Please, still say congratulations
Since I became a parent, most of the conversations I have had, have not been the ones I expected, and other mum chats no longer include me. However, what has remained is an odd form of consultancy. I am the mum others associate to tragedy because I experienced bereavement as a young mum.
The conversation that inspired this blog, held right in front of me began ‘you’re the mum whose babies died right?’, to which I answered ‘I am Airley, Freddy and Thomas’s mum and yes they died, but I am still their mum’. They met my response with a long pause and then ‘Great, one of my friends had a still birth this morning, I don’t know what to say, but you can help, you must be an expert with words’.
People are strange creatures and I have long since given up trying to understand them, but it is no secret that pregnancy, baby or child loss leave people tongue tied or gibbering messes. Over the years, I have thought of far too many theories for this but I stand by that sometimes the best thing to say, is the most natural, not over thought simple thing. For me, particular when it comes to pregnancy or baby loss my advice is to always give an acknowledgment of that tiny life changing person, however small. So I wrote a letter to the world to try to help those looking for the words or to remind parents like me who’ve been through bereavement as a young mum, and who are still waiting for so many words to be said, you are not alone.
My letter to the world
Still say congratulations please. A birth still took place. I still experienced a life-changing moment. A parent was still born and I still felt the most incredible, time-stopping, primal instantaneous love. My labours were still long and my fears of all of those post birth first, women know only too well were still felt. I still gave birth. The first time I was still a terrified new mum and the second time, even more.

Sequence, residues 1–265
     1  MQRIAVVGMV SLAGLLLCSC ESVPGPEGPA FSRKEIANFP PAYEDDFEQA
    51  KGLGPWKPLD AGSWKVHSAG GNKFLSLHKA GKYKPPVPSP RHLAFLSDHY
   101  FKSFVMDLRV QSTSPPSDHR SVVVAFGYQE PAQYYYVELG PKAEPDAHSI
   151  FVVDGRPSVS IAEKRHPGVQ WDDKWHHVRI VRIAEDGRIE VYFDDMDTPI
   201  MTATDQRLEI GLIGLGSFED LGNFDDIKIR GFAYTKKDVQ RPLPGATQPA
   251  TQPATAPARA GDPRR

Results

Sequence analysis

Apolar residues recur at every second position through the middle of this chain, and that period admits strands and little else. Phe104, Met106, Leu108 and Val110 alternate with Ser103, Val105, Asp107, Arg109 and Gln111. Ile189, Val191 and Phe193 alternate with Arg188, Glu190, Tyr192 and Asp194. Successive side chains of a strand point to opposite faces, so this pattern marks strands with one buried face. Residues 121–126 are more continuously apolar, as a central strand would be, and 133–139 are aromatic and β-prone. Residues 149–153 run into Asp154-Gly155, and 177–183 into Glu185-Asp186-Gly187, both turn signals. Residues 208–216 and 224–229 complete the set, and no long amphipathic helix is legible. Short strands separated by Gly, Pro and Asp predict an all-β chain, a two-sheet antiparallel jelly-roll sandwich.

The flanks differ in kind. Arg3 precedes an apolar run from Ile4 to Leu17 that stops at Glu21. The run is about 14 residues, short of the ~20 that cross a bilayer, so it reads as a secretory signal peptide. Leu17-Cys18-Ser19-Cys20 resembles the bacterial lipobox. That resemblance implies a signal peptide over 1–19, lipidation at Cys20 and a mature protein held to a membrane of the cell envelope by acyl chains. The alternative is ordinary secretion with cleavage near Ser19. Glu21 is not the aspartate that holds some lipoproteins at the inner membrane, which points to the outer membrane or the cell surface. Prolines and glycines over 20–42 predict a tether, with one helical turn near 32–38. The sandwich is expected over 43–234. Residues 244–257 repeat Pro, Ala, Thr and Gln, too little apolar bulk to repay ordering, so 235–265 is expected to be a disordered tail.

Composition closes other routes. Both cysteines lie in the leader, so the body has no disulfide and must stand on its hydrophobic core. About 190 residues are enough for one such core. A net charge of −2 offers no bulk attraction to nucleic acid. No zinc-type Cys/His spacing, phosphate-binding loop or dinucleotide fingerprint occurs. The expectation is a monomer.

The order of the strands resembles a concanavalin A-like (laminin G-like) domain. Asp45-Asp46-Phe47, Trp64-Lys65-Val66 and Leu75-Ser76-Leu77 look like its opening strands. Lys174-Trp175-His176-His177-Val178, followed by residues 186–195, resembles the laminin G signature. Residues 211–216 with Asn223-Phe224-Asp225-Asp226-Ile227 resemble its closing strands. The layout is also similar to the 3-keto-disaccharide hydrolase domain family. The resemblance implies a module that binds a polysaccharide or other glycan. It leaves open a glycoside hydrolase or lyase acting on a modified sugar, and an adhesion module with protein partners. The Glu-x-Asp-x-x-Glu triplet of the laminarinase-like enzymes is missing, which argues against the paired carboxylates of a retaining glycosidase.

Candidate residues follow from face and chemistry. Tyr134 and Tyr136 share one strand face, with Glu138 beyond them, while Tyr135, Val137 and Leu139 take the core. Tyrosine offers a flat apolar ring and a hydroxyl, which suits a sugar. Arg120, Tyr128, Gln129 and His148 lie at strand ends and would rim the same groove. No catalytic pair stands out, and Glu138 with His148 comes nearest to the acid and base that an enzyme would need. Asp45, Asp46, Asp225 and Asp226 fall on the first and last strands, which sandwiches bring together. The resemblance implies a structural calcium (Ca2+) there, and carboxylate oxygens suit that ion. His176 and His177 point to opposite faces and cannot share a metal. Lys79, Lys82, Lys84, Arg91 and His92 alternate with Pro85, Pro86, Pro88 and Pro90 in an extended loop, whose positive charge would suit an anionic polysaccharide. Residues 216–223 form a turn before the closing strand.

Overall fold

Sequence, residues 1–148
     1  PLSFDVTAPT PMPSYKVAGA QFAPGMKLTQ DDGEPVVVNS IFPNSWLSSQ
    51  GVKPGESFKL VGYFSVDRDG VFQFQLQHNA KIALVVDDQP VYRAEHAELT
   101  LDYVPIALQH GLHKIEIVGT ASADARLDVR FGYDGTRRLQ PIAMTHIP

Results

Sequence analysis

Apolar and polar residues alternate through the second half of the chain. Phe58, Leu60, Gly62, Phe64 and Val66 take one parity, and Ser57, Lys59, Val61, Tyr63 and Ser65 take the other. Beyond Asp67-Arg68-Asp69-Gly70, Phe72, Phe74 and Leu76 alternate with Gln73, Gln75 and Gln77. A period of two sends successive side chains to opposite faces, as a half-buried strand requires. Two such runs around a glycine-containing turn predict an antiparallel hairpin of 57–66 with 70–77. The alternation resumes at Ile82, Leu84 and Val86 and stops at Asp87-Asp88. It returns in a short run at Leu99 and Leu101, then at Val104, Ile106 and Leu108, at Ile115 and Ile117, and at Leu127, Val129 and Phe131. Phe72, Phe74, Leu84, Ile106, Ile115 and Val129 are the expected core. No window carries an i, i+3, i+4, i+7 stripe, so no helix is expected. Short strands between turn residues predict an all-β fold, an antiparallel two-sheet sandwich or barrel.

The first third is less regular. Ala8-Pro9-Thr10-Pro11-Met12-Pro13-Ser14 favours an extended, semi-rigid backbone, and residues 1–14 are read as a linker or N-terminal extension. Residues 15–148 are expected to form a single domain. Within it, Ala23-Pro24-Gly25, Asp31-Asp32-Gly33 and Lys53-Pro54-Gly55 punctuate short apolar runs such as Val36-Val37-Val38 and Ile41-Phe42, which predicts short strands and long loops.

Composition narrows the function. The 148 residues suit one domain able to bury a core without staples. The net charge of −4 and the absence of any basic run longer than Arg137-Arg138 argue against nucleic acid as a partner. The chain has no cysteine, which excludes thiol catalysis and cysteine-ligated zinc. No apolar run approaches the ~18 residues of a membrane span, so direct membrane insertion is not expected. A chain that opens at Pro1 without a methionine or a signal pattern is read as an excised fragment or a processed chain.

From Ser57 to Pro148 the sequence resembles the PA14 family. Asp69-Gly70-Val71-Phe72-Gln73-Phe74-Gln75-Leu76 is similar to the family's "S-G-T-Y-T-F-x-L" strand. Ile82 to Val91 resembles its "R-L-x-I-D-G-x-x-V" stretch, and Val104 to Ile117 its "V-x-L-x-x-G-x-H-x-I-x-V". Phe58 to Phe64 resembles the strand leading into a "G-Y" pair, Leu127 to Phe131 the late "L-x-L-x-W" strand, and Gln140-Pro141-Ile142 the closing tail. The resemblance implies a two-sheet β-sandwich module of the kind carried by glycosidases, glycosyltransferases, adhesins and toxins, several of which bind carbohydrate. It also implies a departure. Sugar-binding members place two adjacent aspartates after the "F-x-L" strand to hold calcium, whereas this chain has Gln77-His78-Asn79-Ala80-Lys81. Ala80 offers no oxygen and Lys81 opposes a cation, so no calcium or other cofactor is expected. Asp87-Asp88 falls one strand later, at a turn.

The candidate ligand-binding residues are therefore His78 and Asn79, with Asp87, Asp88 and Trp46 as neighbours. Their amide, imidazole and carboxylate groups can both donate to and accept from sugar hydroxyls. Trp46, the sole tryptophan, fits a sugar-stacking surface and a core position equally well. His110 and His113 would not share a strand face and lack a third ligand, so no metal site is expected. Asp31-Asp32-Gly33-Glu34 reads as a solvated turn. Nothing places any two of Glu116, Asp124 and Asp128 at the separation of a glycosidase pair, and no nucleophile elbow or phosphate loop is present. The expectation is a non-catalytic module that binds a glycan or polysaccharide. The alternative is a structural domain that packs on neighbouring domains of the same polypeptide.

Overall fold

Please still say congratulations. It might seem uncomfortable for you, but what else is there to be said? Please think of me. A baby, a child, a tiny perfect human was still born. We still counted 10 fingers and 10 toes. Still in the silence came those first precious skin-to-skin cuddles. I still cried tears of pain, of fear, of joy. And although I knew in my heart it would never come, I still waited, my breath held for my babies to cry, protesting as they entered the world.
Please still say congratulations
My pregnancies, although they ended early, were still pregnancies. Already, I had planned and dreamed of a million moments and seen a lifetime stretching before my eyes. I still had already seen every Christmas, every birthday. I had still imagined first loves, first days of school, first steps, wedding days and graduations. And I still knew every detail of the tiny beautiful invaders within my bump. I still already felt a mum. I am still a mum.
Please still say congratulations. My babies still entered this world. My babies were still born into this world. And my little family still became always a little bigger. Two years later I am still waiting for someone, anyone to say congratulations. Still sometimes it is what you don’t say that hurts the most.
Please still say congratulations.
Airley, Freddy and Thomas’ mummy xxx
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